kubectl describe pvc pmm-storage-pmm-0
  Type                      Status  LastProbeTime                     LastTransitionTime                Reason  Message
  ----                      ------  -----------------                 ------------------                ------  -------
  FileSystemResizePending   True    Mon, 01 Jan 0001 00:00:00 +0000   Thu, 16 Jun 2022 11:55:56 +0300           Waiting for user to (re-)start a pod to finish file system resize of volume on node.

The last step would be to restart the Pod:

kubectl delete pod pmm-0


Running helm upgrade is a recommended way. Either once a new helm chart is released or when you want to upgrade the newer version of PMM by replacing the image in the image section. 

Backup and restore

PMM stores all the data on a Persistent Volume. As said before, regular Kubernetes techniques can be applied here to backup and restore the data. There are numerous options:

  • Volume Snapshots – check if it is supported by your CSI and storage implementation
  • Third-party tools, like Velero, can handle the backups and restores of PVCs
  • Snapshots provided by your storage (ex. AWS EBS Snapshots) with manual mapping to PVC during restoration

What is coming

To keep you excited there are numerous things that we are working on or have planned to enable further Kubernetes integrations.

OpenShift support

We are working on building a rootless container so that OpenShift users can run Percona Monitoring and Management there without having to grant elevated privileges. 

Microservices architecture

This is something that we have been discussing internally for some time now. As mentioned earlier, there are lots of components in PMM. To enable proper horizontal scaling, we need to break down our monolith container and run these components as separate microservices. 

Managing all these separate containers and Pods (if we talk about Kubernetes), would require coming up with separate maintenance strategies. This brings up the question of creating a separate Operator for PMM only to manage all this, but it is a significant effort. If you have an opinion here – please let us know on our community forum.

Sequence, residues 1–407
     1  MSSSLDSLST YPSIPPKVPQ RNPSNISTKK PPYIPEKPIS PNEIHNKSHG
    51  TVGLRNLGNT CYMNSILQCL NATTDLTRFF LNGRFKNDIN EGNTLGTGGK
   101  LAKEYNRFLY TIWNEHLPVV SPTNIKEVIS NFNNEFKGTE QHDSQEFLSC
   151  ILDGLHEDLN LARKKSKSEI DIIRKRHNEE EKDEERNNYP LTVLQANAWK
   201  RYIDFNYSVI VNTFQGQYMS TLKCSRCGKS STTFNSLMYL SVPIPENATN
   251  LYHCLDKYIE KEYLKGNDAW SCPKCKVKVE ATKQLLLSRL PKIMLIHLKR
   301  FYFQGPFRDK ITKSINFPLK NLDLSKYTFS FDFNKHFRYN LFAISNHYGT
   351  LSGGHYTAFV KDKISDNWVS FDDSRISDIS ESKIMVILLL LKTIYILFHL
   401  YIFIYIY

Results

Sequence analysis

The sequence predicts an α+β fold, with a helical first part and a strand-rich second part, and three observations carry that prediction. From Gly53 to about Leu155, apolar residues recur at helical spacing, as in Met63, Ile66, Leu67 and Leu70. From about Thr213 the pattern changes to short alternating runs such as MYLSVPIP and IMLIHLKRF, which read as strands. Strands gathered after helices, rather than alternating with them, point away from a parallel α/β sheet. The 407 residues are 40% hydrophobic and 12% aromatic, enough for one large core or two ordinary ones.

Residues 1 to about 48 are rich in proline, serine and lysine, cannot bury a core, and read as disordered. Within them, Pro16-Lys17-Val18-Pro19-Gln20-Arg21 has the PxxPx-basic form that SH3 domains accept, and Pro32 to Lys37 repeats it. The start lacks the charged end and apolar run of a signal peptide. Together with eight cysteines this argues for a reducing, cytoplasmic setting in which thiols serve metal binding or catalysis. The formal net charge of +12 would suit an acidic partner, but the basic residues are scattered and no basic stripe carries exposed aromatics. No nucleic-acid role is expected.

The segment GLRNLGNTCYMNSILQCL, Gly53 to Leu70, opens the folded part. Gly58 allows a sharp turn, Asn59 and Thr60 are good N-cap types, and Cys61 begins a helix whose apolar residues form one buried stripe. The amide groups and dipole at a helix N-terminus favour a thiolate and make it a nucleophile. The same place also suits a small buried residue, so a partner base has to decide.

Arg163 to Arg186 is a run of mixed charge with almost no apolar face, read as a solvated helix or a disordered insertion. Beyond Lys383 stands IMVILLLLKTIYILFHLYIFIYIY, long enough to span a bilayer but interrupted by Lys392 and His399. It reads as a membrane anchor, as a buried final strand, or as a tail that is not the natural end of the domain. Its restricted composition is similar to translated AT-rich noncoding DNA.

Automated k8s registration in DBaaS

As you know, Percona Monitoring and Management comes with a technical preview of  Database as a Service (DBaaS). Right now when you install PMM on a Kubernetes cluster, you still need to register the cluster to deploy databases. We want to automate this process so that after the installation you can start deploying and managing databases right away.


Percona Monitoring and Management enables database administrators and site reliability engineers to pinpoint issues in their open source database environments, whether it is a quick look through the dashboards or a detailed analysis with Query Analytics. Percona’s support for PMM on Kubernetes is a response to the needs of our customers who are transforming their infrastructure.

Some useful links that would help you to deploy PMM on Kubernetes:


Store and Manage Logs of Percona Operator Pods with PMM and Grafana Loki

Store and Manage Logs of Percona Operator Pods with PMM and Grafana Loki

While it is convenient to view the log of MySQL or MongoDB pods with

kubectl logs

, sometimes the log is purged when the pod is deleted, which makes searching historical logs a bit difficult. Grafana Loki, an aggregation logging tool from Grafana, can be installed in the existing Kubernetes environment to help store historical logs and build a comprehensive logging stack.

What Is Grafana Loki

Grafana Loki is a set of tools that can be integrated to provide a comprehensive logging stack solution. Grafana-Loki-Promtail is the major component of this solution. The Promtail agent collects and ships the log to the Loki datastore and then visualizes logs with Grafana. While collecting the logs, Promtail can label, convert and filter the log before sending. Next step, Loki receives the logs and indexes the metadata of the log. At this step, the logs are ready to be visualized in the Grafana and the administrator can use Grafana and Loki’s query language, LogQL, to explore the logs. 


     Grafana Loki

Installing Grafana Loki in Kubernetes Environment

We will use the official helm chart to install Loki. The Loki stack helm chart supports the installation of various components like








$ helm repo add grafana
$ helm repo update
$ helm search repo grafana

grafana/grafana                     6.29.2       8.5.0      The leading tool for querying and visualizing t...
grafana/grafana-agent-operator      0.1.11       0.24.1     A Helm chart for Grafana Agent Operator
grafana/fluent-bit                  2.3.1        v2.1.0     Uses fluent-bit Loki go plugin for gathering lo...
grafana/loki                        2.11.1       v2.5.0     Loki: like Prometheus, but for logs.
grafana/loki-canary                 0.8.0        2.5.0      Helm chart for Grafana Loki Canary
grafana/loki-distributed            0.48.3       2.5.0      Helm chart for Grafana Loki in microservices mode